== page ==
The LEAD Tool is a framework that begins with reflection on current practices supported by evidence and leads to planning, establishing targets, changing systems, and monitoring progress through data and evidence. Preparing to do this collective work calls leadership teams to closely examine the rubric and situate their current practice and progress within the 10 equitable practices.
We recommend spending no more than an initial single meeting to reflect on and supply evidence on current practices. (It takes more time to establish targets that include data and evidence). You will subsequently go deep into additional high-leverage practices, and your assessments will provide a baseline for your work and a “snapshot” of your collective leadership practice. It will also initiate an ongoing dialogue and learning process that will enable your team to engage more deeply with each practice over time.
Decide the format that works best for your team. Would it be best to spend a couple of hours per practice at a regularly scheduled team meeting? Should a full inservice day be used to work through a few selected practices?
We suggest gathering your team in a meeting room with a computer and large monitor so that you can work through the practices together rather than individually. In addition, teams will need to have school and district plans, data and artifacts, and evidence reflective of your current outcomes.
Remember that collaboration and consensus are key components to your success, and plan ahead to make sure to follow up on actions identified in your LEAD Tool team discussions.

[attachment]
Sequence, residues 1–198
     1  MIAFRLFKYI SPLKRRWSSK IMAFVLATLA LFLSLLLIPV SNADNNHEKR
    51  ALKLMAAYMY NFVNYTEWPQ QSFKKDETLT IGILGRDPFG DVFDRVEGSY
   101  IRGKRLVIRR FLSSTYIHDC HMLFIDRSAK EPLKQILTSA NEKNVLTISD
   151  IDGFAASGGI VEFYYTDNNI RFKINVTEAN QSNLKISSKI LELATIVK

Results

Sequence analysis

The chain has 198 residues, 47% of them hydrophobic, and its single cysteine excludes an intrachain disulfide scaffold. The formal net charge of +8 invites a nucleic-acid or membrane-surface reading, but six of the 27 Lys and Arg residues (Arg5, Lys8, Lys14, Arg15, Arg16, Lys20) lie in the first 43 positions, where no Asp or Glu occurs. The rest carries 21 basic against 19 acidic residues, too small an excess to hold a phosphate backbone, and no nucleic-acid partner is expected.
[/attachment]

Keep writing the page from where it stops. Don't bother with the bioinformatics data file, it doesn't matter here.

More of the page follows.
After your team identifies items in the rubrics that reflect current practices, you can download a worksheet that captures your responses and can help you sort through the root causes of the status quo and determine goals (desired outcomes), strategies (activities that you will be trying to accomplish) and tactics (how you are going to accomplish your goal) to help start your work toward making your aspirations into reality.
Some of your team members will bring deep experience and understanding of how privilege, power, and oppression operate in school and society. Others will have less background. It is very helpful to use protocols to guide the necessary and often uncomfortable dialogue.
To help your team come to agreement on key terms and concepts, consult our resources section. Each practice has a set of readings that help provide background for that practice. Review the selections and decide which readings might serve as "homework" and a catalyst for deeper and more productive dialogues that can help your team that can help your team get started on the right track.
You can also consult our glossary for additional background on how the LEAD Tool applies its key terms.